Tuesday, September 15, 2009

Dystopian underground

In what we assume is the far future, Lina and her friend Doon live in what they believe to be the last bastion of humanity. A disintegrating city surrounded by darkness is reliant on the last of their dwindling stores. The Builders left Instructions for their descendants, which have been lost. Most of the townsfolk are content to continue scraping along with reduced rations, hoping that the Mayor will somehow find a solution. In a scene reminiscent of The Giver, Lina is pleased to receive her assignment for her new job: that of Messenger. Doon, on the other hand is assigned to the pipeworks. Together, they end up piecing together the secrets hidden in their city.

I'd been meaning to get around to reading this book for ages... and somehow it seems like in a blink of an eye, it's turned into a whole series, and a (not terribly successful) movie. I listened to this on audio. Wendy Dillon created all of the unique and distinct characters, for a fully realized sound recording with a bit of music and foley sound effects here and there. Lina's voice seemed so very young, and child-like. A bit carefree. Doon is the "responsible" one seeing the danger in the city as they are running low on supplies, including lightbulbs. I was mystified by their situation at first. The adults in the town seem strangely incurious, bureaucratic and ineffective. A lot of them seemed like mealy-mouthed whiners to me, because they see the supplies running out, but aren't willing to fight for any solutions.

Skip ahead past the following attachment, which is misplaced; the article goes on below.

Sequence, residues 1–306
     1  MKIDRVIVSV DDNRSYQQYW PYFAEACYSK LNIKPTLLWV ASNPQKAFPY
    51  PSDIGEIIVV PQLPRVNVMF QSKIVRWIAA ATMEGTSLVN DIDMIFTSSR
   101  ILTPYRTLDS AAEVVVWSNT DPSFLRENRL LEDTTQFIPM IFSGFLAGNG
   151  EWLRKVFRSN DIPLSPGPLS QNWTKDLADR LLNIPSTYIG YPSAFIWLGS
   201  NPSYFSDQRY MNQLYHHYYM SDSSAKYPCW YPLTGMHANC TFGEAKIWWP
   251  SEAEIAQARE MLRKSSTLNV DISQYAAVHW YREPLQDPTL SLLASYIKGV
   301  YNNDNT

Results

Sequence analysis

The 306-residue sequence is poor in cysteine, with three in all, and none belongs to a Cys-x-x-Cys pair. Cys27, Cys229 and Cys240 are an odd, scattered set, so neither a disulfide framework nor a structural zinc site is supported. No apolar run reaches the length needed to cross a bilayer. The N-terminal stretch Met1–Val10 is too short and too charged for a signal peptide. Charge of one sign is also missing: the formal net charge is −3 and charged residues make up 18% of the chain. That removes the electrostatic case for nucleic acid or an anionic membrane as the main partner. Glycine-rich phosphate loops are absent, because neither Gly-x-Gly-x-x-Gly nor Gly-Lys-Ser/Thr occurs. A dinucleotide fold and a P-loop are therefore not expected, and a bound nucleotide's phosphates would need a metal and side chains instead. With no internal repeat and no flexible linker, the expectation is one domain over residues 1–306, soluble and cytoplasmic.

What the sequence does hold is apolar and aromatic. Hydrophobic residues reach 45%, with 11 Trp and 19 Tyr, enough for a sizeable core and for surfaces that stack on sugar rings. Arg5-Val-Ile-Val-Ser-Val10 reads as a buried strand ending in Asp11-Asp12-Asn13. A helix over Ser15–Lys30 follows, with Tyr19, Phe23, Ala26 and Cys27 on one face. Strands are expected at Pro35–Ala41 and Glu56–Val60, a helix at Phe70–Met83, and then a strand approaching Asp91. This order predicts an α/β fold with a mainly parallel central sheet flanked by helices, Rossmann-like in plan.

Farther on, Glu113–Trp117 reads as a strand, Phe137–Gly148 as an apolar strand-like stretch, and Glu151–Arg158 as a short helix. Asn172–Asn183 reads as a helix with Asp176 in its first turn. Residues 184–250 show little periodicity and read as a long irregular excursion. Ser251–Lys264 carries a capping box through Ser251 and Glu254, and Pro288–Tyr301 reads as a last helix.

The city is surrounded by darkness, and beyond the trashdumps are the Unexplored Regions. I saw a few plotholes here. Everyone has a ravening, unceasing fear of the dark. Everyone? Really? With no exceptions? People have difficulty navigating their own houses that they've lived in all their lives without the help of the lights? Over several generations in a town of a fair sized population, not one person has ever happened to be blind and thus not afraid of the dark? Mysterious. The pace of this was excruciatingly slow. Some readers could argue that people who have no knowlege of anything else in the outside world WOULD take a long time to puzzle out things which might be obvious to us. I wondered too, if I would have enjoyed this book more if I had read it (so that I could read it quickly) rather than listening to it, where I was forced to follow along at the careful, slow pace as set out. This is a solidly imagined world -- Lina's knowledge of flora and fauna for example, is limited to a few insects and a couple of varieties of garden vegetables. She has trouble understanding what a boat is, or how to use a candle.

The story has a satisfying ending, but is still quite open for more in the series. The title, of course, seems a bit allegorical (The City of Ember is nearly out of light and the next book, The People of Sparks is presumeably about the city folk's fresh start in a new community) I don't know if I'll be tackling the rest of this series anytime soon... between this and Philip Reeve's excellent though thoroughly terrifying Hungry City Chronicles, I've had quite my fill of post-apocolyptic dystopian future epics. I see this series aimed at teens, which surprises me a bit. The characters are both twelve, but there's no romance of any sort in the book, and their mindset seems so much younger. I'd pitch this to fourth and fifth graders, no problem.

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